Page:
rule25_revise_final SwearingI write a lot about Power.  Young kids love feeling powerful.  You see them engage in powerful actions like throwing stones in water, hauling heavy logs, being up high, swinging high, climbing, running and wearing superhero capes.

But words offer tremendous power, too.  Particularly those words.  You know the ones: potty talk, stupid head and general swear words.

Words we don’t want to hear – and often try to ban – are experiments in power.  When kids hear a new word, one that comes with high drama, they love to try it out.  What will mom say?  How will dad react?  When can I use this awesome new powerful word to get an instant reaction?

The key to coping with “bad words” is to recognize the power and attention kids are craving and meet those needs in other ways.

Swear words are powerful words people use to get through tough times. As Calvin says in the Calvin and Hobbes comic strip, “Life’s disappointments are harder to take if you don’t know any swear words.” Bad words carry big power.  They also guarantee attention.  Recognizing why kids use these words can help reduce the shock and drama.

  • Give an alternate location.  Censorship rarely works.  Kids love the illicit thrill of saying an off-limits word.  Instead, tell kids “you can say that word as much as you want – in the bathroom.”
  • You have a right not to hear it.  If you child wants to spout potty talk, there’s really no harm in it – but you have the right not to hear it.  Direct your child to the bathroom and shut the door, or designate another space.  Often kids just need to get their giggles out.  They’ll come out when they’re done.
  • Be dull and give no reaction.  If you explode or give a juicy reaction, kids who crave power are likely to say the same word again and again.  They now know how to push your buttons. Be as dull and calm as you can be.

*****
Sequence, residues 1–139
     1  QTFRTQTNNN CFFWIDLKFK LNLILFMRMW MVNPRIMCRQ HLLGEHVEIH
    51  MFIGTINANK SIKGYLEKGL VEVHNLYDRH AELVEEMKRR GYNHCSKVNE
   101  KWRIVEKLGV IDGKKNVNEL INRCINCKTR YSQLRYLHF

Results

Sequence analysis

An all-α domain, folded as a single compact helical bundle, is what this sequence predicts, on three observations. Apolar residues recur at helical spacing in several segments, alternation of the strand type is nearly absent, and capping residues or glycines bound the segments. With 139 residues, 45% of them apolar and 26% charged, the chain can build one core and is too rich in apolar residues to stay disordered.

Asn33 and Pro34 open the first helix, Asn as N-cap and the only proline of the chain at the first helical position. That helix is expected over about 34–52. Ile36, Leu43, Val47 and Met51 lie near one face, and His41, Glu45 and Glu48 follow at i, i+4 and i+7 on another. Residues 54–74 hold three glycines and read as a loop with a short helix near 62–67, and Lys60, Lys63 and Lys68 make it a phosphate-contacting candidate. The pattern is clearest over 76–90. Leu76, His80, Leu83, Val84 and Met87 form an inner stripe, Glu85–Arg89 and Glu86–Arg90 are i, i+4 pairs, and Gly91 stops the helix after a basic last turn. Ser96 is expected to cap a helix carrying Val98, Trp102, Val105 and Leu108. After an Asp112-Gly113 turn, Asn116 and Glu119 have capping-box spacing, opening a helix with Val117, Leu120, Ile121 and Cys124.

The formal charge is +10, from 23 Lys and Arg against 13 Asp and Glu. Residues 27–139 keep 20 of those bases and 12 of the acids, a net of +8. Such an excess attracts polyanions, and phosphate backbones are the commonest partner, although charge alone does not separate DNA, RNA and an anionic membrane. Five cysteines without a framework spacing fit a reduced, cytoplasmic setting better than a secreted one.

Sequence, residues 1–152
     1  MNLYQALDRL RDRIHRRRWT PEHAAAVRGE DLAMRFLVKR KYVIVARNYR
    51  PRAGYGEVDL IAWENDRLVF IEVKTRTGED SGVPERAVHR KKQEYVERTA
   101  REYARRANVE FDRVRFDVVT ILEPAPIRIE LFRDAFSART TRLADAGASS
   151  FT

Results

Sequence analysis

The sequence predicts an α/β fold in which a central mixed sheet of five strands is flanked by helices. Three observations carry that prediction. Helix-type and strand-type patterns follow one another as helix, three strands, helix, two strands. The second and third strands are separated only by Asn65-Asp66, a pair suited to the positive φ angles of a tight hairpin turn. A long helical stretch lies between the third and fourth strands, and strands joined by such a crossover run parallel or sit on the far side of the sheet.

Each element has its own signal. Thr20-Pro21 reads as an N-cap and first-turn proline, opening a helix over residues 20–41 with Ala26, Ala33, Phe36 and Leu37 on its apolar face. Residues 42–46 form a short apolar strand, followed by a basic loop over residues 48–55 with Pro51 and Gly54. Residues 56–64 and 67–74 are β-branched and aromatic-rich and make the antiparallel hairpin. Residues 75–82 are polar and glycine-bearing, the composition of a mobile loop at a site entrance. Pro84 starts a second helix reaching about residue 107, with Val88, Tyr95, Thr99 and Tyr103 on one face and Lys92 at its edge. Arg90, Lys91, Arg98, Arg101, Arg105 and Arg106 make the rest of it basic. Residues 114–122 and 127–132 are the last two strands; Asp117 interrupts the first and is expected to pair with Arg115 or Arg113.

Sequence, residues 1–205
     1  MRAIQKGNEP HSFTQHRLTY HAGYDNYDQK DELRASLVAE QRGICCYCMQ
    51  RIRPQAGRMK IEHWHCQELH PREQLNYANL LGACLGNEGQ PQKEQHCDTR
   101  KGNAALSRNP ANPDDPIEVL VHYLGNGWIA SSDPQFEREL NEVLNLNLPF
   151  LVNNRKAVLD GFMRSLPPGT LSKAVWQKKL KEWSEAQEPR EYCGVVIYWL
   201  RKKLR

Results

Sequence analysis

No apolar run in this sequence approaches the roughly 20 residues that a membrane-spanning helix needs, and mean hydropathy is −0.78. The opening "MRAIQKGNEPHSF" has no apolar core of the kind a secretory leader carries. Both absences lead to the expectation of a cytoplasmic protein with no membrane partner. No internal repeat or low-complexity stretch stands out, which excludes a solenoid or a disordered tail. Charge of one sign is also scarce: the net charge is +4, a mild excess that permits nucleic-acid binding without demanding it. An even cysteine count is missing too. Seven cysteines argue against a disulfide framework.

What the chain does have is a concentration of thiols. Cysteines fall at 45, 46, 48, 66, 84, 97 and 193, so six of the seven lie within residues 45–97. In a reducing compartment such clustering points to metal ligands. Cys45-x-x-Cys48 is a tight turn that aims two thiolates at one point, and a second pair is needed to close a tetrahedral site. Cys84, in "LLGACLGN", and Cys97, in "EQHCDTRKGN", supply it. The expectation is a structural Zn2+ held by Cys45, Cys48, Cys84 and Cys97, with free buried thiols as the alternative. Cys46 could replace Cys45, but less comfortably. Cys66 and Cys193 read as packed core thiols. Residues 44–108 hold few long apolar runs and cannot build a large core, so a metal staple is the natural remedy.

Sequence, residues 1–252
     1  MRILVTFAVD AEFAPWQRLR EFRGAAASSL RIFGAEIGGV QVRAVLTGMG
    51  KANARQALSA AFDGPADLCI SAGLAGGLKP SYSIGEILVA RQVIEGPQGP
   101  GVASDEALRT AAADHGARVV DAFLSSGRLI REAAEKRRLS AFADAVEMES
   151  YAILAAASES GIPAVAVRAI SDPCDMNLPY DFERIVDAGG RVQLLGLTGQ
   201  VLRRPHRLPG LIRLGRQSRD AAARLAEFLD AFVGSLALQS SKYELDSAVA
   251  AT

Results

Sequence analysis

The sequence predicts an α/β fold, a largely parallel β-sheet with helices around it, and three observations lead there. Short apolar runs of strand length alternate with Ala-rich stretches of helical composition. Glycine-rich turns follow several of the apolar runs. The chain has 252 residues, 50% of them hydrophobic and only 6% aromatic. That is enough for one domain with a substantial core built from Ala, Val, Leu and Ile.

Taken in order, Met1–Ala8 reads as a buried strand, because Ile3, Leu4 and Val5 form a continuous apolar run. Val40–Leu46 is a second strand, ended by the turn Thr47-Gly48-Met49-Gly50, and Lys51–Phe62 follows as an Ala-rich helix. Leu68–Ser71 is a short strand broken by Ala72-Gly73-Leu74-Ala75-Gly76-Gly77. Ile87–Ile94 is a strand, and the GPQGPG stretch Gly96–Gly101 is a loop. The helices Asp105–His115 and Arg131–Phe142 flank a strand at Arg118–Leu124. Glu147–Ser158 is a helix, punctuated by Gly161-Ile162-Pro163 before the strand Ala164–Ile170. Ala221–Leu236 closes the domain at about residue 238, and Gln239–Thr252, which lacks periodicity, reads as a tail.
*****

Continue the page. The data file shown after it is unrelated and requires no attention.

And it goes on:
• Create new Power Words.  Let your child come up with her own unique powerful “swear” word.  Say “That’s a word mommy says when she’s really mad.  What’s your word when you’re really mad?”  Kid power words make great substitutes and include words like: Picklerash, Chop Chop, and Funnelburgers.
  • Focus on the emotion, not the word. If a child says “hate” “stupid” or something worse, first focus on the emotion going on.  “Wow, you sound mad.” If you pounce on the word, the power game is likely to escalate.  Find the emotion underneath the word.  Deal with the emotion first, then address the right place to use that word.
  • Give kids other opportunities for power.  Make sure your power-seeking child gets his needs met.  Make room for physical muscle work, big action, powerful roles (playing teacher, pirate or monster) or having jobs to help the family. Power and importance go together.

It's OK Book coverThere’s more to bad words, including nuances about mean words, name-calling, x-rated explicit language, racist slurs, etc. If you’d like to learn more, see the chapter “Let Kids Swear” in the book It’s OK Not to Share…And Other Renegade Rules for Raising Competent and Compassionate Kids (Tarcher / Penguin, 2012), named a Best Parenting Book of 2012 by Parents Magazine’s

Heather Shumaker is an author, blogger and speaker who lives in northern Michigan with her family.